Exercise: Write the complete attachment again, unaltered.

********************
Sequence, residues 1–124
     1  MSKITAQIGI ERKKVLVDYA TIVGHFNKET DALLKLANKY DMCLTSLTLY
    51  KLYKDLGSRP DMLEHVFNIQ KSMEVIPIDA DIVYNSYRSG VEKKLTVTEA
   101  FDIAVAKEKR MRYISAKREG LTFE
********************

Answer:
Sequence, residues 1–124
     1  MSKITAQIGI ERKKVLVDYA TIVGHFNKET DALLKLANKY DMCLTSLTLY
    51  KLYKDLGSRP DMLEHVFNIQ KSMEVIPIDA DIVYNSYRSG VEKKLTVTEA
   101  FDIAVAKEKR MRYISAKREG LTFE